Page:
Still further provided is a system for embedding and recovering machine readable information on a substrate, comprising an image forming device containing at least one fluorescent marking material, wherein the image forming device receives data representative of the machine readable information, and forms an image corresponding to the data in a machine readable code format with the at least one fluorescent marking material on an image receiving substrate, and a document reading device including a radiation emitting unit that emits radiation effecting fluorescence of the at least one fluorescent marking material, and a reader that detects the data in the image on the mage receiving substrate while the at least one fluorescent marking material is fluorescing.
In embodiments, described is a method of writing data in a predetermined machine readable code format on a substrate with a marking material. As the marking material, any suitable marking material, including for example inks, toners and the like, may be used. The marking material may be a conventional marking material, for example a marking material that exhibits a visible color. In embodiments, the marking material is a fluorescent marking material.
The code format will first be discussed. Any suitable or desired machine readable code format may be selected, including one-dimensional symbologies such as bar codes, two-dimensional symbologies such as stacked bar codes, matrix codes, codes such as PDF417, and the like.
In embodiments, the code format is comprised of a self-clocking glyph code as disclosed in, for example, U.S. Pat. Nos. 5,128,525 and 5,168,147, the disclosures of each of which are totally incorporated herein by reference. In one embodiment, this code comprises printed glyphs which represent 0 and 1 bits in a document encoding scheme. The glyphs are printed at a substantially uniform distance from each other, so that the center of each glyph is a substantially uniform distance from the center of adjacent glyph(s). The visual appearance of the marks, to the naked eye, may appear as a textured grayish area. These marks can be printed at very high densities of, for example, about 3,600 data bits per square inch or higher, and scanned with a 300 pixel per inch scanner. Data is encoded by the shape or the rotational orientation of the mark. Clocking can be taken from the data itself, without synchronization marks external to the data. By placing a mark at each data bit position, it is easier to synchronize the reading process of the data without the use of registration marks. The number of bits that can be represented by each symbol is related to the total number of symbols in the code; when the number of bits to be represented by a symbol is “n”, the total number of glyphs possible in the code is 2n distinctive glyphs. For example, in a code wherein two distinct glyphs are possible, such as / and \, each symbol may represent one bit; for example, /=1 and \=0. In a code wherein four distinct glyphs are possible, such as /, -, \, and |, each symbol can represent two bits; for example, /=00, |=01, \=10, and -=11. In a code wherein eight distinct glyphs are possible, each symbol can represent three bits, and the like. Data can be encoded in the shape of the glyphs, the rotation of the glyphs, or in any other desired variation.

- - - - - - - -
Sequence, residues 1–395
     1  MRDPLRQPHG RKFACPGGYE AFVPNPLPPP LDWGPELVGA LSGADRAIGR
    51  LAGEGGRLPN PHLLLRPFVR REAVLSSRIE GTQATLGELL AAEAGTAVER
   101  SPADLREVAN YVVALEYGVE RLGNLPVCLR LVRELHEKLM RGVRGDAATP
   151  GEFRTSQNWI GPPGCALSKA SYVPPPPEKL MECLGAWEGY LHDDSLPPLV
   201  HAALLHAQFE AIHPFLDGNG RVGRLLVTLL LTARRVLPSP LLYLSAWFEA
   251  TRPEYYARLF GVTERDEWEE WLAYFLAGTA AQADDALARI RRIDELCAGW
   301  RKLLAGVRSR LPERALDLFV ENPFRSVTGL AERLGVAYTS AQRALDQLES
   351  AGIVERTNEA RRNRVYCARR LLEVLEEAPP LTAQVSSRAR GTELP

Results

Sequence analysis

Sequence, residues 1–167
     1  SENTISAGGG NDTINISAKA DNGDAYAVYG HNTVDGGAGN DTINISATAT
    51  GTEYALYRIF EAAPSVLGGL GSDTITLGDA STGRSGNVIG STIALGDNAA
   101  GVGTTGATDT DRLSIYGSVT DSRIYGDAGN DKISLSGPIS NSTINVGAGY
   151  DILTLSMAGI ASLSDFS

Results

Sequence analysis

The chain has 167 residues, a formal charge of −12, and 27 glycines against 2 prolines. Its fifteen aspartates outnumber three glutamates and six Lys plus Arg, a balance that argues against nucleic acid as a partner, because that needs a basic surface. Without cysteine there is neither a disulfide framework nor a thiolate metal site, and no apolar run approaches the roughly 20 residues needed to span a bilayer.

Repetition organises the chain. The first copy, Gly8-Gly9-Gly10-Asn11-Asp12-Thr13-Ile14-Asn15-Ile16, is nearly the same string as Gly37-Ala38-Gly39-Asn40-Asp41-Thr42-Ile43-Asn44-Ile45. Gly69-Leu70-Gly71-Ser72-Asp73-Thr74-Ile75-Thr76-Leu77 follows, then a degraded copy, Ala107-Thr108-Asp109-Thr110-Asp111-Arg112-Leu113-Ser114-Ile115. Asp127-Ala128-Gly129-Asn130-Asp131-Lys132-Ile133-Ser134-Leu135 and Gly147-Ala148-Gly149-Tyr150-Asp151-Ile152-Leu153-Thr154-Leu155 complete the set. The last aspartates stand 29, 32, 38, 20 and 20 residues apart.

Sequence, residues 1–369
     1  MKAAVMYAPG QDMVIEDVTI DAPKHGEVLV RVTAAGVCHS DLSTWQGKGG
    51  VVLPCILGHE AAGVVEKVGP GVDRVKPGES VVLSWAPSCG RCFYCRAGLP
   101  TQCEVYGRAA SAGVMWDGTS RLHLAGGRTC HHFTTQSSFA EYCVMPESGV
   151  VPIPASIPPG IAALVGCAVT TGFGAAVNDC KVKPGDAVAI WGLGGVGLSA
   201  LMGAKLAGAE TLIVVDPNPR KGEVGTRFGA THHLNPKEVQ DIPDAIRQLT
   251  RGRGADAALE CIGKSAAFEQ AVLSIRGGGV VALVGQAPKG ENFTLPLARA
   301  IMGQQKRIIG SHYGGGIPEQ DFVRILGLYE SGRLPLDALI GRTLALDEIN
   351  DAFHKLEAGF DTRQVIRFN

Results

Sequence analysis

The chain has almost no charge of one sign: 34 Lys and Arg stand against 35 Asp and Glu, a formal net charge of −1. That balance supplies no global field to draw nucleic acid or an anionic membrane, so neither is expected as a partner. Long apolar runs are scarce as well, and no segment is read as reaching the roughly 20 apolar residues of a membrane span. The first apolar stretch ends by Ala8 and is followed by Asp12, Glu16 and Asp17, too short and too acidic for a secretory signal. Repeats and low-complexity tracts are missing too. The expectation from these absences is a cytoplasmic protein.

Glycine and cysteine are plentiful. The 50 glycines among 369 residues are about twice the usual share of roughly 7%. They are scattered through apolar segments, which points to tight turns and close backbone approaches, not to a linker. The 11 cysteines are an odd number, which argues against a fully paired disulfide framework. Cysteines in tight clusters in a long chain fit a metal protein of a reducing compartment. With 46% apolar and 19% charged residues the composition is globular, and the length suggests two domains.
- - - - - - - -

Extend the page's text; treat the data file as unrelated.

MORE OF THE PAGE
In embodiments, the glyphs are elliptical marks, and in a simple code wherein two distinct shapes are possible, the glyphs preferably are elliptical marks rotated from the vertical at either about +45° (for example, “/”) or −45° (for example “\”). An example of a typical encoding sequence in this embodiment is shown in
As will be discussed below, where the glyphs are formed of a single color, the glyphs are formed using a fluorescent marking material.
In embodiments, the code is comprised of at least two differently colored marks. The marks may be the same or different in shape. The different colors are capable of being separately detected by a reader such as a spectrophotometer. Any reader capable of detecting different colors based on absorption, emission or reflection spectroscopy may be used. The reader understands the different colors as representing different data, for example understanding 0s as one emitted color (for example red) and 1s as another emitted color (for example blue), which allows the code to encrypt binary code. Any two or more distinguishable colors may be used, for example at least red and blue, at least red and green, at least green and blue, and the like. The different colors may also be different shades of a same color, including similar colors exhibiting a distinguishable appearance due to different fluorescence upon exposure to radiation, for example a different brightness.
The marks may be glyphs, as discussed above, or dots and the like. Dots refer to, for example, any mark of any shape, and includes, for example, circular or rectangular marks.